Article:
It is not a question of the Finnish variant spreading to other countries, but the virus type also occurs in other parts of the world, i.e. the Finnish variant is not unique domestic, as was widely past reported.

Leading expert Carita Savolainen-Kopra  says that the matter was clarified a few weeks ago by comparing the inherited viruses with international data.

“The entire genomic sequence was made for the transformation in THL. From this it is possible to deduce which line the virus belongs to. Based on international databases, there are finds elsewhere than in Finland.”

YLE.fi report

Editors note: sounds like B.1.525 – to be confirmed…

Finland: #coronavirus variant resembling B.1.351 (South Africa) found in the Turku infection cluster

The virus variant of South Africa has been confirmed as the cause of the coronavirus infections among students in Turku, Finland. However, the transformation observed at Turku University Central Hospital (Tyks) is not identical to the original South African variant, but seems to have transformed further, says the Hospital District of Southwest Finland.

The matter was clarified in laboratory tests performed in Tyks.

“We found that it is probably a modified virus, and the so-called gene sequencing ensured that the virus has several other changes in addition to those characteristic of the South African variant. So far, we don’t know where the variant came from. These will become clear later when the entire genome of the virus is known” says chief physician of molecular microbiology and virology, Tytti Vuorinen, in a press release.

According to Vuorinen, this is possibly a new type of coronavirus variant. This will be confirmed later in so-called whole genome sequencing.

So far, there is no information on whether a similar modified variant has been found in other countries.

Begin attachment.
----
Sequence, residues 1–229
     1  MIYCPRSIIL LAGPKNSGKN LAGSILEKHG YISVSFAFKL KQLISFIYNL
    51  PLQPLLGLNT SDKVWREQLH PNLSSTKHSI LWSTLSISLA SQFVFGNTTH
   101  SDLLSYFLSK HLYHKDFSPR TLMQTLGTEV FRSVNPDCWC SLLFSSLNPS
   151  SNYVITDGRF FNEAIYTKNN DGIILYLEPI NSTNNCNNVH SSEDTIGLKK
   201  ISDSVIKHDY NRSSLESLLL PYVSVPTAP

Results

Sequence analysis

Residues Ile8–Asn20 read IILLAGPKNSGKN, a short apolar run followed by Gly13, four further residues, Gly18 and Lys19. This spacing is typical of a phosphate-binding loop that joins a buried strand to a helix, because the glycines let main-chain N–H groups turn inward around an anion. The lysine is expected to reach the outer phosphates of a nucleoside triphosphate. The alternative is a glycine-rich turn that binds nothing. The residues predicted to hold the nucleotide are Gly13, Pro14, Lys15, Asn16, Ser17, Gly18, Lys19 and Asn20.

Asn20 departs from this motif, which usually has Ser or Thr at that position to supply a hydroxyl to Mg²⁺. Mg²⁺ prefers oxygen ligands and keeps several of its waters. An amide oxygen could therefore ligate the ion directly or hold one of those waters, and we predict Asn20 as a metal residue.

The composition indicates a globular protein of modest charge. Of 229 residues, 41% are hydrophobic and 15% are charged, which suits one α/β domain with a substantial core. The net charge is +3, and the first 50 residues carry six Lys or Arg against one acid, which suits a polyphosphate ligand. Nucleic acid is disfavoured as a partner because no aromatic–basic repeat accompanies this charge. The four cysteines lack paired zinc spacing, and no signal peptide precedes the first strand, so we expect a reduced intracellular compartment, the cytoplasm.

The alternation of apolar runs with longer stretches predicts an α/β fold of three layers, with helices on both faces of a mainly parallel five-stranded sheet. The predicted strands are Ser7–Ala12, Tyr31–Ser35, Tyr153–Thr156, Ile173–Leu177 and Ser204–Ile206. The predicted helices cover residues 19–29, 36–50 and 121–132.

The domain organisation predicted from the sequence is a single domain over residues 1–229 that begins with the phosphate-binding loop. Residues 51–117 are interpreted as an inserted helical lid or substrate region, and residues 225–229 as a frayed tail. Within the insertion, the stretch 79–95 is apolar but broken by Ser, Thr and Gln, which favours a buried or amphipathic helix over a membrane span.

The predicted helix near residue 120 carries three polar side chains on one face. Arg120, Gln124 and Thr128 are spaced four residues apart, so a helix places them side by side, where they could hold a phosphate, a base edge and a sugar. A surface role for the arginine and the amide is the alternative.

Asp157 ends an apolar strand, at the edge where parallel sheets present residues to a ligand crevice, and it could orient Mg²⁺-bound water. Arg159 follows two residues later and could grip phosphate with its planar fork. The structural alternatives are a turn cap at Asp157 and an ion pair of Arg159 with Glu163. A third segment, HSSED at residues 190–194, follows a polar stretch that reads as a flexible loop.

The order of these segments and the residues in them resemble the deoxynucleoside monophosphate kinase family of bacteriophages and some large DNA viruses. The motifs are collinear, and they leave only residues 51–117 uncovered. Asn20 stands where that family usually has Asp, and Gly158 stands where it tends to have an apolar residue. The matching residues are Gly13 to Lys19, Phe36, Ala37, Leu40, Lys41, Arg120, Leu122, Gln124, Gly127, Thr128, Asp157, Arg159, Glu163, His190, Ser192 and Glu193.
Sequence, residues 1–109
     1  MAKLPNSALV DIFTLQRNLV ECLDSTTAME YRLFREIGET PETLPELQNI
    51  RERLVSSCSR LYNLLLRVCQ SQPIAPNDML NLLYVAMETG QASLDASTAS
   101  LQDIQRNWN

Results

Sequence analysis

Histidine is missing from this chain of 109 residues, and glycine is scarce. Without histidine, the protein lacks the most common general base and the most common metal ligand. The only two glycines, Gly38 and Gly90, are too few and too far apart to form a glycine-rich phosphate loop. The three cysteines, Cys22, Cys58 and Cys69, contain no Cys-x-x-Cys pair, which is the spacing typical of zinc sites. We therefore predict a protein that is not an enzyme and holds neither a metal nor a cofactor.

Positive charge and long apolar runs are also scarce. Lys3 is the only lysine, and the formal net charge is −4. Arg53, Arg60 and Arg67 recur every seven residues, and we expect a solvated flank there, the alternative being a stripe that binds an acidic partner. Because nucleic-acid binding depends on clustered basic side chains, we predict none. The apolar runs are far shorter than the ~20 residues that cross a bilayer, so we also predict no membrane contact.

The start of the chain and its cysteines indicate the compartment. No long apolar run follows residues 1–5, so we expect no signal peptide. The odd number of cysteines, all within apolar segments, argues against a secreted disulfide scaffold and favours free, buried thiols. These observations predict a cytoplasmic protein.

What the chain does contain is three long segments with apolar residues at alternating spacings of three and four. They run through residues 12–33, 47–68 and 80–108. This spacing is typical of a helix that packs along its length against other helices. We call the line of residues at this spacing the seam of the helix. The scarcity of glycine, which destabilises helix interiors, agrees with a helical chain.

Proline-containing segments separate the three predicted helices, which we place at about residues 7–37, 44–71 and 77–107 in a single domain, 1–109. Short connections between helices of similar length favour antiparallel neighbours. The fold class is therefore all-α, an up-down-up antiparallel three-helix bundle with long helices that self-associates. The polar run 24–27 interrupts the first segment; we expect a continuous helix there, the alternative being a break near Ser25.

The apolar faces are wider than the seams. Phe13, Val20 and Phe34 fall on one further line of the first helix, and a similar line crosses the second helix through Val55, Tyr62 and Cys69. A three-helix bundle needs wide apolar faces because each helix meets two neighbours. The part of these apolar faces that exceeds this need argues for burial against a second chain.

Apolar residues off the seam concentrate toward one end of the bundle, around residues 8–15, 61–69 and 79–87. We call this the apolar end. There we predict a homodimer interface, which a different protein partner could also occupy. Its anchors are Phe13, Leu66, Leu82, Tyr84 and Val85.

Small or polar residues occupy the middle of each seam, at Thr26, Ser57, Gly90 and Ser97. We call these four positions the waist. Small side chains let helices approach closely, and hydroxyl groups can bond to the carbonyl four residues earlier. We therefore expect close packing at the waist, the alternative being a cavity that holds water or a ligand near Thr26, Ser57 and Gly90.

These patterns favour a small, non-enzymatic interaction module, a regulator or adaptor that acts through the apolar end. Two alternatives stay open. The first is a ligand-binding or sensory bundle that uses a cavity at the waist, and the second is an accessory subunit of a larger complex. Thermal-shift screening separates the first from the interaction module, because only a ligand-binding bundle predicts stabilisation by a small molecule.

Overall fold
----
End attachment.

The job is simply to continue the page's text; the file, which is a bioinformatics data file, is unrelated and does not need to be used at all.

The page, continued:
So far, it has not been shown that the modified South African coronavirus variant is more severe than usual. The symptoms of those infected have been fairly mild and the patients have not needed hospital treatment, the release says.

According to the hospital district, the finding does not justify changing the current recommendations.

More than 90 infections have been detected in the Turku cluster.

YLE.fi report

 

Image by Jarkko Mänty from Pixabay

EMA: If you have these symptoms after vaccination with AstraZeneca #coronavirus serum seek medical help immediately

“Wheezing, chest or stomach pain, swelling or coldness in an arm or leg, severe headache or worsening or blurred vision after vaccination, persistent bleeding, small multiple bruises, reddish or purplish spots or blisters of blood under the skin” – if you have these symptoms after vaccination against Covid with AstraZeneca serum seek medical help immediately and report that you have recently been vaccinated.

Il Giorno report

 

Image by Usman Yousaf from Pixabay

Finland suspends AstraZeneca #coronavirus vaccinations after two more suspected cases of blood clots

Two suspected blood clots after vaccination in Finland – the use of AstraZeneca’s vaccine is temporarily suspended

The Finnish authorities have decided to take a break from vaccinations with AstraZeneca’s corona vaccine – just in case. The reason is that they still want to investigate the vaccine’s connection to unusual blood clots – sinus thrombosis.

Two suspected cases of blood clots after vaccinations have been discovered in Finland.

It has been established that young women have reacted to the vaccine and we do not know why, said Hanna Nohynek, vaccine specialist at the Institute for Health and Welfare, at the authorities’ press conference. It is mainly 20-50-year-old women who have been linked to the possible side effects.